NJ: Writing, writing, writing. I think there are certain times when we’re so focused on getting in the door when we should really be focused on doing the work. I worked at this magazine called Venus Zine and it’s not running anymore, but it was an Indie Rock magazine that focused on women in music. It was not my scene. I didn’t know anything about the majority of artists they covered. It wasn’t one of the magazines I grew up idolizing. It was a small magazine. It was one of those places where I could write 200 words for Essence and my whole family would just spas out and I could write a 1000-word story for Venus Zine and people would be like, “What is that?”
The key, however, was they were letting me write those big stories. It wasn’t so much about getting to the big names as it was about getting my clips. And if I didn’t have those clips from that small publication, Essence wouldn’t have been impressed at all. If you really want to write and you really want to edit, then write and edit if even if it’s not for the big names you grew up idolizing or the editors you stalk on Facebook and Twitter because eventually, you’ll get up to that space of writing for those folks.
A Royal Point of View: What are some of the biggest dos and don’ts in this industry?
NJ: Do write. Do hustle. Don’t compare yourself. Don’t talk shit about other people because the world is very, very small. Don’t only have one project or one thing that you’re working on, so if you have one story you’re working on, you should also be looking for your next story. Things are not stable. I’ve seen people dedicate themselves to a brand and then get laid off. What people don’t understand is that it’s all business. People can love you, you can be great at what you do, but when bottom lines are effective, bottom lines are effective.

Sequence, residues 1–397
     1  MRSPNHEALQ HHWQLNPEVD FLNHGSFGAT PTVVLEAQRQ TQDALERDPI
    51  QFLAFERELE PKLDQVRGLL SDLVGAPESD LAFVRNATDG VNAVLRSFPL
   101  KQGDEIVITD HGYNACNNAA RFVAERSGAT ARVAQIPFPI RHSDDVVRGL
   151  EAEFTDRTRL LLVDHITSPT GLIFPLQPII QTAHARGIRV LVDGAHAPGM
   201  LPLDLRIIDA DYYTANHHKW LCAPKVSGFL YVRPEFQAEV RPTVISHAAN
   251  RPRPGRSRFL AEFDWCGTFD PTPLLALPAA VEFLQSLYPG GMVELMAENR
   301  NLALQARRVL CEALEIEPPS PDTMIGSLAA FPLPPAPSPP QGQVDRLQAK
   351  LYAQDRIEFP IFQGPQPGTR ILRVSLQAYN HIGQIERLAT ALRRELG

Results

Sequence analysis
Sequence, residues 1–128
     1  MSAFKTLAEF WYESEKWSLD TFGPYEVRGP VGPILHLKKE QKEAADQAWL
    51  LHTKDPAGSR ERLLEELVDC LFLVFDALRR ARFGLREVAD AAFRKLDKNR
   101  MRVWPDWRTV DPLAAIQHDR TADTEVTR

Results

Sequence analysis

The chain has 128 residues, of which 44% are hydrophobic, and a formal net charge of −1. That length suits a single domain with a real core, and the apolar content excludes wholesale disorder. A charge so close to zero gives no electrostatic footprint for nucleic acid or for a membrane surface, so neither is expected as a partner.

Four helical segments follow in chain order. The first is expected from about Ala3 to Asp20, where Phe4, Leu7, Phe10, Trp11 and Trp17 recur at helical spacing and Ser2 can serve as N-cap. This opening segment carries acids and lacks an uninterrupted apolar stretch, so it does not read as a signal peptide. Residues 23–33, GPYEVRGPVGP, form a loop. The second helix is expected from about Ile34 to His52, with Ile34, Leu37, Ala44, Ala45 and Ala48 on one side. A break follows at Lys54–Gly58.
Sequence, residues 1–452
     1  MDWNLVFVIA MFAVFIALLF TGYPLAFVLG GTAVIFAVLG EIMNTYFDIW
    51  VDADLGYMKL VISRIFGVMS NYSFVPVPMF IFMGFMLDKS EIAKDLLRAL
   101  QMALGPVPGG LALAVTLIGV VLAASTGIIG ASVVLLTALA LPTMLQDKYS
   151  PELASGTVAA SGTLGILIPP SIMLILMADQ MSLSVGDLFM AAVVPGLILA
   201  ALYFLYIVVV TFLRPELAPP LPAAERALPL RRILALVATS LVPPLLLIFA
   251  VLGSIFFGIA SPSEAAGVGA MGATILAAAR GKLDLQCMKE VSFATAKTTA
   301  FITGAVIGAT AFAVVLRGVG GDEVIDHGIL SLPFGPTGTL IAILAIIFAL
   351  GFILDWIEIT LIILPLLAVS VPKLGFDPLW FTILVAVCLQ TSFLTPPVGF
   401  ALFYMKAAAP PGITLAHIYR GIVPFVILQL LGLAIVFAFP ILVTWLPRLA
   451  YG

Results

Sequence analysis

Because it’s a business, you can’t get into this brand royalty that will leave you out in the cold. They don’t owe you anything. And I think a lot of people get lost in that and dedicates themselves and their lives to these brands and then if they get let go or the brand changes ownership and they’re going in a new direction and you don’t fit that and you don’t have any money saved up or have any other contacts, you’re effed. Don’t put yourself in that position. Always have a backup.
A Royal Point of View: You’ve worked at a number of newspapers and magazines. Based on your experience, what’s the biggest difference between the two?
NJ: I love magazines. I’m so a print girl, I’m so a magazine girl. I love the time that you have to spend on a project. I guess the biggest thing is how much time you get to spend with your words. Yeah, that’s probably the biggest thing for me. Also, I like not having the pressure of having to stay super current because a magazine’s lead time is three months in advance, so right now, I’m thinking about October, November, December and what stories I’m going to pitch. I’m already at the end of the year instead of having to anticipate what’s going to be hot next week.
A Royal Point of View: How do writers pitch fresh ideas to print when online content is constant? Do you have any brainstorming techniques?
NJ: Read different things. On one hand, the things you see in print aren’t that different from online. It’s just more in-depth. You’re thinking new people, you’re thinking slightly different angles. Even print may have their themed issues. You know that every year, InStyle is going to do the body issue, you know that in October everybody’s going to do a breast cancer story. It’s really about discovering new angles. And you can’t get new ideas if you’re consuming the same things all the time. So sometimes the idea is getting offline and reading something in print that might you inspire you take a different angle. Read things that are not on your beat and you’ll see a new way of thinking. What we write reflects our experiences. Consume differently and you will get different ideas.
A Royal Point of View: How can writers make their pitches stand out?